Treat Me Like A Tractor

Farm equipment on Rt C near New Wells 11-13-2013I’ve been burning up the road between Cape and Altenburg interviewing people for my Last Generation project – trying to capture the last generation of East Perry county residents who spoke German as their primary language.

There are a lot of crops being harvested right now – primarily corn and beans. I was southbound on Rt. C near New Wells when this monster machine appeared in front of me doing about 20 miles per hour.

The driver did a masterful job of keeping the high center of gravity vehicle going while dodging mailboxes and shoulder drop-offs when he had to get over in his lane for oncoming traffic.

As the cars backed up behind me, I could only think of how many people would be honking and writing letters to the editor about how bikes don’t belong on the road if I had been on my Surly Long Haul Trucker. (For the record, this is one of my favorite bike routes. I’ve always been treated with courtesy on it. It’s only when you get close to Cape that you run into drivers who are jerks.)

So, when you see me on my bike with my Slow Moving Vehicle triangle on my back (just like this guy’s), treat me like a tractor. And, if you are going too fast to slow down without hitting me, you’re going too fast to keep from hitting the Monster Machine or the many deer I’ve seen alongside (and crossing) the road.

Heartwarming Americana

Athens County school buses 10-11-1968I was trying to make a left turn out of a nursing home in Perryville where I had been shooting one of my subjects – a 103-year-old Altenburg woman.

A school bus dropping off kids had traffic backed up about a dozen cars deep. “Oh, man, I’m going to be here for a long time,” I thought.

Reminding me that I was back in the Midwest, a car about four back slowed down to create a gap, then the driver motioned me out. Yep, we’re not in Florida anymore.

I didn’t mind the delay

The bus driver must have made at least six or eight stops, with the line of cars growing longer and longer behind me. I didn’t mind the delay, to be honest. I really enjoyed watching the grade school kids hop off the bus loaded down with their backpacks and dash to the house where a parent would be waiting at the door.

One middle school kid stopped at the mailbox, grabbed a letter from it and went running up the hill to his home. He seemed excited. I wonder what was in the envelope?

The driver finally got to a spot wide enough for him to pull off to let the line of cars go by. I was kinda disappointed. Since I wasn’t watching the clock, it was nice change of pace.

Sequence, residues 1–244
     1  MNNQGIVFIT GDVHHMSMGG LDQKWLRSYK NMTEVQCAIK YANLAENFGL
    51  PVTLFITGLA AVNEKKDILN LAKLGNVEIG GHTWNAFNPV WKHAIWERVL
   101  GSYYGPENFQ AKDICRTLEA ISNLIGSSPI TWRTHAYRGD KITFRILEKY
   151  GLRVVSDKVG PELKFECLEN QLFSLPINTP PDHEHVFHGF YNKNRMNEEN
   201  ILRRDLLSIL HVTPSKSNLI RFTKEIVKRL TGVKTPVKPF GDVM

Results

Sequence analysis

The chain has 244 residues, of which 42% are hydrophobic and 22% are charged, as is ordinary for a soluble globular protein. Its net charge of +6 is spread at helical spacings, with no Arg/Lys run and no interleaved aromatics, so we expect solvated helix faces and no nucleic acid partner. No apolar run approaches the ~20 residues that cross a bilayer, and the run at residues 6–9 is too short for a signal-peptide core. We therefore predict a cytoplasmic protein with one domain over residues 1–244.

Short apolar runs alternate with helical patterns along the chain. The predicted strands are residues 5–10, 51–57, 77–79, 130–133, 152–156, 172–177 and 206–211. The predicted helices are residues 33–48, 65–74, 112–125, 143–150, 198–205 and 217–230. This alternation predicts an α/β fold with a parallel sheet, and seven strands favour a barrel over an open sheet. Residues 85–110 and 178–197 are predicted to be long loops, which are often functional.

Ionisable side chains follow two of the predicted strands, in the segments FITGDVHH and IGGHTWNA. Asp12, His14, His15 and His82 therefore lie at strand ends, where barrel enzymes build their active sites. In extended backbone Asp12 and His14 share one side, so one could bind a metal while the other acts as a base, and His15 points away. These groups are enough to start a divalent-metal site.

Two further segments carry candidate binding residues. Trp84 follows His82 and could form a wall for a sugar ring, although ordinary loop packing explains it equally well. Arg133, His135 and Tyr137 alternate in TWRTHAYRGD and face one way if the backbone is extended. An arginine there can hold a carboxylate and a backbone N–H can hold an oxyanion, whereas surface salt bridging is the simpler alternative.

P.S. I was too far back to get a good bus shot, so I had to dip into the time machine to pull up this Athens County bus from Oct. 11, 1968.

10 Replies to “Treat Me Like A Tractor”

  1. I did not want to rain on your parade, but there are places in Europe where almost whole countries speak German, even the kids! So the German language is going on in the world and it is healthy and not the last generation of German speakers. I know how you like to tromp around in the back country so enjoy! I will wait to see your pictures and writing about all this later and enjoy it.

  2. Sirs,

    Mr. Steinhoff DID point that out Magnum PU Hopkins.
    And as long as you are using your considerable “investigative talents” you may discover that the country speaking the German Lingo in Europe was and still is appropriately named: G E R M A N Y !!

    I know this cause a bunch of my relatives came from there and spoke an odd dialect with some funny words that I also heard from Col. Klink and Sgt. Schultz on Hogan’s Heroes.

    Plus, now that I think about it…. we have had relatives that lived in PERRY COUNTY! Ken…. I think MPU is on to something BIG!!

  3. When the original VW Bug was popular some owners would add decals to the dash to keep the German language alive with such words as ‘Winderdeflippens’, ‘Cigarettendefiren’ and ‘Lightenpullenonnen’. Thinking that the German language was waning is not anything new.

  4. When you get done with taking pic of the beautiful girl from Altenberg would love to see the article about her. I love to see the article’s when you talk about the Perry Co.

    1. You’ll have to wait awhile for this one. It’s part of a longer-term project for the annual Immigration Conference that will put on by the Lutheran Heritage Center and Museum in Altenburg in October 2014. The photos will be on exhibit and I will do a presentation to the conference, tentatively on a Saturday.

      Watch this space for more details when we get closer to the date.

      Glad you like my Perry County stuff.

      1. Hah. I think I scooped a professional newspaper guy. We don’t have to wait until we get closer to the date. There is already more information about it here.

        My wife’s ancestors and mine are all German, sort of, but none of them came through Missouri, so I don’t think there is any genealogy information for us there. With backgrounds like ours we have to be careful not to OD on German Lutherans, but Ken’s talk would make it tempting to go. The time of year might be good. But take a look at the size of that registration fee! Three figures would be, well, OK. That’s getting to be normal for a history conference. But such three figures! Even if the Rev. Harrison plays his banjo… Well, I see it is three days, so maybe it’s not so outrageous. If the presentations included something about Native Americans in Missouri, and especially Black Hawk’s time there, that would be a good combo. I’ll mention it to Myra, anyway.

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